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We also celebrated with our friends this Advent season, on the Feast Day of Our Lady of Guadalupe.  The group gathered together and came up with this great idea to make tilmas (an idea one of the girls got from Catholic Icing), eat cookies, watch a movie about Juan Diego’s vision of Mary, and carry red roses up to Mary in honor of this day.   It was so fun and I am so glad that my kids are making friends in the Church.

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One of the parties I hosted was for Joey’s 30th Birthday!  It is becoming kind of a tradition to have a Christmas party at our house for him every year, and I think this 3rd year was our best.

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We changed the entertainment up this year (from our usual white elephant game) by playing the seran wrap game, and it was such a hit!  Highly suggest it for your family parties—except instead of candy we purchased a bunch of small gifts (chotchkies and stuff) for people to win.  Funny enough though, most of the grown men were vying for the big league chew packets of gum.

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A friend gifted me the Blessed is She Advent journal this year and I am absolutely loving it!  It is probably a bit late to buy the journal for this Advent, but you can also buy it and download a digital copy of it if you are interested!

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This year I wanted to make something that I could gift to people, and I settled on these caramel candies.  I was super nervous about making these because my history with baking is not the greatest, so I only assumed candy-making would be worse.  With only a minor hiccup (a big caramel spill, because my pan wasn’t big enough) I came out unscathed and they came out delicious!  Be happy I don’t have pictures of the process, though, because it wasn’t very pretty.  The recipe I followed was super easy, albeit a tad time consuming (took me an hour and a half to make).  Try making them for Christmas! They don’t disappoint!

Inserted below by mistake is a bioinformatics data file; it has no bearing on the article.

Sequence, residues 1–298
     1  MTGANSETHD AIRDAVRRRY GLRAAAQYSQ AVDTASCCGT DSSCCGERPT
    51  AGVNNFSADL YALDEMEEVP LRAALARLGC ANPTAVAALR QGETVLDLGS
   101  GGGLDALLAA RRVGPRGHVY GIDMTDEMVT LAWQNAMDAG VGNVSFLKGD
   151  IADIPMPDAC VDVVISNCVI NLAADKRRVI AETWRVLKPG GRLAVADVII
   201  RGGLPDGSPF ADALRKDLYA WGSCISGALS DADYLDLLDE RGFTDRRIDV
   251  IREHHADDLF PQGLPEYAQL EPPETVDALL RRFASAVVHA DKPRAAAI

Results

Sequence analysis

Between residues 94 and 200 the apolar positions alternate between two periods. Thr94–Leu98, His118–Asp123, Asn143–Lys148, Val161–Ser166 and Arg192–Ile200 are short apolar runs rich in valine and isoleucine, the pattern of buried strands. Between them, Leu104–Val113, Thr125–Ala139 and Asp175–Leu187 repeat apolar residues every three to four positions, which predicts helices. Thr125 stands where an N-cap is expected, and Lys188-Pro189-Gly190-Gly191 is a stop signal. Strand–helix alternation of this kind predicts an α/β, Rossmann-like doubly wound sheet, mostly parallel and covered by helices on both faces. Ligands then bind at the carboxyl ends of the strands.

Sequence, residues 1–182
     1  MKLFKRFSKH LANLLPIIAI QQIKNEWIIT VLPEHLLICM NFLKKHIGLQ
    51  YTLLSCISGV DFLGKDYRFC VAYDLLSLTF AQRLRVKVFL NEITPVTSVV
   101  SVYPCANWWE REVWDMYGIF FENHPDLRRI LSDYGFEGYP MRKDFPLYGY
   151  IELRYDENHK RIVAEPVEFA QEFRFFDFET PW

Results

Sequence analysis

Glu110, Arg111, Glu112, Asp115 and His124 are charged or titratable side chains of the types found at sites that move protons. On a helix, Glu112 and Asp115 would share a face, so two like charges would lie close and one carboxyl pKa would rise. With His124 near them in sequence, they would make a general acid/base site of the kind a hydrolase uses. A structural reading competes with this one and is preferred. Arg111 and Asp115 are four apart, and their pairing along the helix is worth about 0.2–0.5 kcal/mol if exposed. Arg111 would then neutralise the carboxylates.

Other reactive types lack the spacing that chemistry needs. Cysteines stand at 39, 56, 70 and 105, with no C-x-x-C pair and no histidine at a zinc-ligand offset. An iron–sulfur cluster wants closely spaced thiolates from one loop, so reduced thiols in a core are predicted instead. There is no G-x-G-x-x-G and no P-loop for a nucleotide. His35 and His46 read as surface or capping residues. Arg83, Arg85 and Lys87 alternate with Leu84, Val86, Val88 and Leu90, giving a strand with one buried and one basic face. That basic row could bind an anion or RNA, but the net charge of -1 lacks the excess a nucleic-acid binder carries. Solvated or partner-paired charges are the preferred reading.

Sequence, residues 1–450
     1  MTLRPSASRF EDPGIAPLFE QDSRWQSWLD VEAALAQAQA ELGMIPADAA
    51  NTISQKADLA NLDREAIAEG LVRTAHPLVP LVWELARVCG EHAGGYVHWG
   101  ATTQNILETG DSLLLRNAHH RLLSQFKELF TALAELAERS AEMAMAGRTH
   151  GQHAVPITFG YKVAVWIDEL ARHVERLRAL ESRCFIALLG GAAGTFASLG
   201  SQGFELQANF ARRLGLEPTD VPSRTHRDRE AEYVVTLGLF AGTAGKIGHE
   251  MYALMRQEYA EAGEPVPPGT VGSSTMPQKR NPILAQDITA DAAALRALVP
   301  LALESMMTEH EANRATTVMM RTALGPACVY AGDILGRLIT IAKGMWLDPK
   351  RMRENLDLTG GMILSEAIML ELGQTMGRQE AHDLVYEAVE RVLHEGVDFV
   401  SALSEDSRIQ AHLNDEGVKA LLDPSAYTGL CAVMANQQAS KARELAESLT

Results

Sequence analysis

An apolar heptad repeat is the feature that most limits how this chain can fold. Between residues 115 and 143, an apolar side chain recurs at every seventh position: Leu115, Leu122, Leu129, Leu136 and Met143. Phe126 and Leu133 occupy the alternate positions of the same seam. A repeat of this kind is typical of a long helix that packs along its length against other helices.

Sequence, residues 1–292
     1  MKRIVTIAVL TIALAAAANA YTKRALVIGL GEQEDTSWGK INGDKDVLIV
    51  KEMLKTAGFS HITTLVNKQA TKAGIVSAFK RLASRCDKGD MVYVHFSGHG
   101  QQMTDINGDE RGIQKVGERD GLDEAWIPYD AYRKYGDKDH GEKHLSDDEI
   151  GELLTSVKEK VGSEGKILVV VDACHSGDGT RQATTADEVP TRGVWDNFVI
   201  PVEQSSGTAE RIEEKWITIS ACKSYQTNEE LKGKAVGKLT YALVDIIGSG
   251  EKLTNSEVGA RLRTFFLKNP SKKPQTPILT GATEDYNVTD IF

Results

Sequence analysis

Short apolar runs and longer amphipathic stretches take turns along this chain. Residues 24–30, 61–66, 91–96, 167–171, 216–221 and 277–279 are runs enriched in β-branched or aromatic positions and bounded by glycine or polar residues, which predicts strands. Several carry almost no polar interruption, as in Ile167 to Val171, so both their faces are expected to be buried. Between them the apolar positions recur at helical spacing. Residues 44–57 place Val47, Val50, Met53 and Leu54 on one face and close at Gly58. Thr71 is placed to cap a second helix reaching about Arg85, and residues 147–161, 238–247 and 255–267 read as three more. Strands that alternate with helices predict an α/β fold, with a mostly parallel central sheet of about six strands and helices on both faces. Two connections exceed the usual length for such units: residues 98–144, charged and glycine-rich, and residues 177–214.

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Eli had his very first Christmas program yesterday.  It was priceless.  I especially love how he pretty much “watermelon-coconuted” the whole thing, and clapped for himself at the end.  At-a-boy, you little cutie. At-a-boy.

That’s it for me this week! Hope you have a wonderful week, and if you are traveling for Christmas–safe travels!!!

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The Immaculate Conception of the Blessed Virgin Mary

Today is a very special Feast Day in the Church, the Feast of the Immaculate Conception of the Blessed Virgin Mary!  Not only is today a Feast Day, it is a Holy Day and all the faithful are called to go to Mass to celebrate the most holy conception of the Blessed Virgin Mary.